Tag Archives: European Science Foundation

Gender, science, science policy, and an update on Science: it’s (formerly, a girl) your thing

After describing the NDP (New Democrat Party) science policy launch/discussion as a bit of a ‘sausage fest’ in my Nov. 14, 2012 posting about being at the Canadian Science Policy Conference (part 2 of a 2-part series), I realized (very early this morning [Nov. 15, 2012]) that I could have described my own panel presentation in those terms since the majority of the response (if memory serves, 100% or thereabouts) was from the male members of the audience.

My interest is not a discussion about the rights or wrongs of this state of affairs but to find new ways to encourage engagement/discussion with everyone. Thrillingly and also this morning, I found a notice of a Nov. 14, 2012 blog posting by Curt Rice titled, “Gendered Innovations: Making research better” which touches on the topic (how do we better integrate gender into the discussion) and applies the thinking to research,

Could your research be better if you thought more about gender? I’m not asking if you could say more about gender if you thought about gender; that much is obvious. No, I’m asking if the quality of your research results more broadly could be improved if issues of gender informed the methods you use and the questions you ask. [emphasis mine]

At the University of Tromsø, we suspect that gendered perspectives could make your research better, and so we’re kicking off a new project to explore these issues and to better communicate them to our students. We’re doing this to improve the quality of our science — anything that might have that effect, after all, deserves careful exploration.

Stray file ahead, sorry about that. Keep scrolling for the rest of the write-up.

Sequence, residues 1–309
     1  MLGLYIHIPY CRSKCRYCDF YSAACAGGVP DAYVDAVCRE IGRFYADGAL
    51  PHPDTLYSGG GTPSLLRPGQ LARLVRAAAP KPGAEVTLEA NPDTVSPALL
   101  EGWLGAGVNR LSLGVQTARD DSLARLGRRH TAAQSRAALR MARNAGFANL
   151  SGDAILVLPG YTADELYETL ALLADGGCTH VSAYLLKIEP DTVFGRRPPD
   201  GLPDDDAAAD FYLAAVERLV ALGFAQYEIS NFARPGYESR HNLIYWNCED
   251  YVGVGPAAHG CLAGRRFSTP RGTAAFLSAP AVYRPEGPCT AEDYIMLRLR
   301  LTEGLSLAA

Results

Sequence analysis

We’re also doing it because our primary funding agencies will reward grants that include gendered perspectives, regardless of the field of the grant. This is true of the Research Council of Norway and it’s true of the EU’s upcoming Horizon 2020 program [major European Union-funded science programming]. Arvid Hallén, the Director of our Research Council, tells us* how important this has become.

A gendered perspective is a criterium for all applications being evaluated by the Research Council of Norway.

Our project draws inspiration from an international enterprise drawing the connection between overall research quality and the presence of gender-related questions and methods. [emphasis mine]

Rice is referring to Gendered Innovations in Science, Health & Medicine, Engineering, and Environment based at Stanford University in California. Here’s more from the What is Gendered Innovations? page,

Gendered Innovations employ sex and gender analysis as a resource to create new knowledge and technology.

This website has six interactive main portals:

1. Methods of sex and gender analysis for research and engineering
2. Case studies illustrate how sex and gender analysis leads to innovation
3. Terms address key concepts used throughout the site
4. Checklists for researchers, engineers, and evaluators
5. Policy provides recommendations in addition to links to key national and international policies that support Gendered Innovations
6. Institutional Transformation summarizes current literature on: 1) increasing the numbers of women in science, health & medicine, and engineering; 2) removing subtle gender bias from research institutions; and 3) solutions and best practices.